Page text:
Disciple: When we met last time, you told me that you will talk about liberation. Before that I would like to know about other five types of samādhi-s viz. Savitarkā Samādhi, Nirvitarkā Samādhi, Savicāra Samādhi, Nirvicāra Samādhi and Sabīja samādhi.
Guru: Yes, I have forgotten that. I think we need to discuss more about samādhi. In the first place, never be under the impression that samādhi cannot be attained easily by everyone. It is a wrong notion. For entering into the infantine stages of samādhi, what we need is only three aspects – mind, parāṇa and consciousness.
Savitarkā and Nirvitarkā are related to nāma, rūpa and bheda jñāna (sound, its meaning and the resultant knowledge about differentiations). Both these stages of samādhi depend upon the word takra, which means reasoning, speculation and inquiry. Kaṭha Upaniṣad discusses about tarka (I.ii.9). It says that knowledge about Brahman cannot be attained through tarka.
Disciple: Can you explain tarka more, as it causes confusion?
Guru: There is no confusion. Tarka is a Sanskrit word, which means arguments and counter arguments. It is also related to philosophical system. Kaṭha Upaniṣad says that knowledge about Brahman cannot be attained through tarka. The Supreme knowledge can be attained from someone who has realized the Self already. Path to Self-realization and the ultimate liberation can be taught only after experiencing the same. A person who teaches Self-realization and liberation should be a Self-realized person. Only such a person can be called as Guru. If tarka is not the path to realization, then what is the path available to us? It can be attained only through impartation of spiritual knowledge be a realized person. Such a Guru will not lead someone to the path of liberation for the sake monetary considerations. Further, such a person will interact with his student one to one and not in groups.
Disciple: Do you mean to say that Self cannot be realized if we enter into arguments with regard to Brahman?
Guru: Yes. When you indulge in argument, it means that you do not have a firm mind. Kṛṣṇa says, if a person has a determined mind about the presence of Self within, he is known as sthitaprajña, which means firm in judgment and wisdom, calm and contented.
Let us first understand savitarkā samādhi. This samādhi is related to contemplation of a form. We have just now discussed about nāma, rūpa and bheda jñāna. For example you are initiated into Bālā Mantra Japa. You have the dhyāna verse describing Her thus: “Bālā Devi is clad in red garments whose forehead is decorated with a crescent moon, who has three eyes, whose brilliance is like that of the rising sun, who is seated on a red lotus and who holds in Her four bands a sacred book, rosary, abhaya and varada mudras.” Bālā Devi is the nāma, Her above description is rūpa and when you hear about Bālā Devi, you are able to contemplate Her effectively and this is known as bheda jñāna. Why it is bheda jñāna? Because form of Bālā Devi is different from all other forms about which you are already aware of. When someone says apple through nāma (name as apple), rūpa (its appearance) and bheda jñāna (apple is distinct from other fruits), you are able to understand about apple. Therefore savitarkā samādhi is more to do with knowledge rather than experience. Patañjali in his Yoga Sūtra-s takes us step by step towards the path of realization.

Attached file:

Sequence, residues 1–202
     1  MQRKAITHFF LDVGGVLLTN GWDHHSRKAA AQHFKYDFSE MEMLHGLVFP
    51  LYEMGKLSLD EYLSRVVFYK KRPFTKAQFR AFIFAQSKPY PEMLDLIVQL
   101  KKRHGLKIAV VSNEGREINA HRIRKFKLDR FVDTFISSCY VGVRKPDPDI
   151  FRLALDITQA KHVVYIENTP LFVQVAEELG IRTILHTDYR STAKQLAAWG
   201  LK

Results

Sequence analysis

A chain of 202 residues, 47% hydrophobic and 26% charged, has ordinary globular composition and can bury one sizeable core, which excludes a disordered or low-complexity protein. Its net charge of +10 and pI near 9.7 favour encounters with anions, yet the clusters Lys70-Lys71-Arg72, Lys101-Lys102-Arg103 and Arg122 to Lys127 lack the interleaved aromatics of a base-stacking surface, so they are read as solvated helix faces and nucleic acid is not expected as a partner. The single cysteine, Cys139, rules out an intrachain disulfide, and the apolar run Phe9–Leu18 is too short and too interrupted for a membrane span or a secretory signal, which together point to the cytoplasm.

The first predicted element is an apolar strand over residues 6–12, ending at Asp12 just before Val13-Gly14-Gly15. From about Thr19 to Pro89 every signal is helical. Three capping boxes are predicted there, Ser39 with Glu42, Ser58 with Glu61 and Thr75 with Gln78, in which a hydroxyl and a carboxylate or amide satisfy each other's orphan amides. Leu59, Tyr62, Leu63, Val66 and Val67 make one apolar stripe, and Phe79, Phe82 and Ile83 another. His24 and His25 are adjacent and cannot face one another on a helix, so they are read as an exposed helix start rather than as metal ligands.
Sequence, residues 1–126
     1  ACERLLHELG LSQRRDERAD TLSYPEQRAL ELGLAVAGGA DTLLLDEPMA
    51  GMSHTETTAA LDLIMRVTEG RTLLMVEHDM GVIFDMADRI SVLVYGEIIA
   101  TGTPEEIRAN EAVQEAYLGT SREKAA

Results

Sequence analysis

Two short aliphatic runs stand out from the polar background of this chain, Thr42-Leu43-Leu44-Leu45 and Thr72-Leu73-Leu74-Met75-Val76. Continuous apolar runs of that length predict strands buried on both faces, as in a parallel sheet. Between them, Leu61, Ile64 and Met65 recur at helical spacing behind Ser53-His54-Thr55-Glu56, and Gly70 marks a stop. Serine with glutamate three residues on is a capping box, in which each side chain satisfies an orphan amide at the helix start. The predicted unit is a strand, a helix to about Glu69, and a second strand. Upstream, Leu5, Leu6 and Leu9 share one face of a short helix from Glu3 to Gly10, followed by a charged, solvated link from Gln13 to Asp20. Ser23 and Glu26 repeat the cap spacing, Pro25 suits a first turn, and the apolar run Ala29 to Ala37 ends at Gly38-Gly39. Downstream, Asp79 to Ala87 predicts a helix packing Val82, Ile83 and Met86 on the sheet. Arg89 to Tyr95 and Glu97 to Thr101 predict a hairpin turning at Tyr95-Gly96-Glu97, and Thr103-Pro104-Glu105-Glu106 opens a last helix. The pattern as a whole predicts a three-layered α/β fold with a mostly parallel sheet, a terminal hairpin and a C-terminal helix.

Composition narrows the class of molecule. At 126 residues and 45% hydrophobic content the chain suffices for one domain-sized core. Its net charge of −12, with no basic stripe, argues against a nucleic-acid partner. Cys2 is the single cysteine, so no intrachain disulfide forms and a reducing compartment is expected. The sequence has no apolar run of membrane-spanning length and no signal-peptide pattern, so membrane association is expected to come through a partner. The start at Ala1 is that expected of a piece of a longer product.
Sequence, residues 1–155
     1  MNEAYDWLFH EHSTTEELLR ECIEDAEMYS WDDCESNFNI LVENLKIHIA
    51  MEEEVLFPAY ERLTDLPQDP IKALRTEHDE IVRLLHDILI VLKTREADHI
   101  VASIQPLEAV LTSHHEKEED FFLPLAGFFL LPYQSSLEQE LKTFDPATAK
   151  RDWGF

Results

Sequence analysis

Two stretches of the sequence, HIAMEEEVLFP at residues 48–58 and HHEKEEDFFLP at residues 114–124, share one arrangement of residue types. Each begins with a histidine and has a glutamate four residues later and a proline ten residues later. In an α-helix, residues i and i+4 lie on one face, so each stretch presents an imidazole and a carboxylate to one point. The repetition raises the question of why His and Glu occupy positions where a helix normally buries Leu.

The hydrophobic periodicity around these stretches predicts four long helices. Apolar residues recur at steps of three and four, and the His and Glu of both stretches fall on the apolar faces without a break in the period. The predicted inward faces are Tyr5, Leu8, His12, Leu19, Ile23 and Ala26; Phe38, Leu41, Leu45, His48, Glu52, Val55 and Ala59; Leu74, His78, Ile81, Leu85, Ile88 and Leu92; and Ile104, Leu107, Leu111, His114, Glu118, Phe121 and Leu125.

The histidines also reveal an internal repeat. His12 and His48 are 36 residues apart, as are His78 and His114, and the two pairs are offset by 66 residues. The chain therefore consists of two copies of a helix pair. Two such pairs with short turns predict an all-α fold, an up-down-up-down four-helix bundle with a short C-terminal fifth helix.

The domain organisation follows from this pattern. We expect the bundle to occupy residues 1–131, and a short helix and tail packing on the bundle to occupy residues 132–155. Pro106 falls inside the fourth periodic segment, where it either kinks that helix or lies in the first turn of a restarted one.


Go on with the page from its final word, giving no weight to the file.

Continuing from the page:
Disciple: This means that one has to have knowledge about the Divine, before proceeding to sādhana. Am I right?
Guru: Yes. Without knowledge, what is the purpose of sādhana? You should first know what is your goal. Without setting the goal, how can you achieve the goal? If someone asks you the purpose of your sādhana, what can you say? Therefore, sādhana is a tool to achieve your goal. If your work sincerely, it is also sādhana and this sādhana is for the purpose of your professional elevation. Sādhana is not a merely spiritual term, but also used to mean all-round accomplishments.
Unless we have knowledge about something, how we can attain that through sādhana? First thing in spiritual life is to affirm that the Self is within. Later, with this peremptory knowledge and after having affirmed that the Self is within, the state of sthitaprajña, you make efforts to locate Him within, which is the goal of your life and this is known as sādhana. During sādhana, your mind undergoes various types of cleansing processes. Mind can be cleansed only with the help of your consciousness and prāṇa. When you are able to synchronize your mind, consciousness and prāṇa, you have attained the goal of your life. Therefore, savitarkā samādhi is the state, where you need three aspects to focus your mind, whereas in nirvitarkā samādhi, these three aspects which we have discussed earlier are dissolved totally.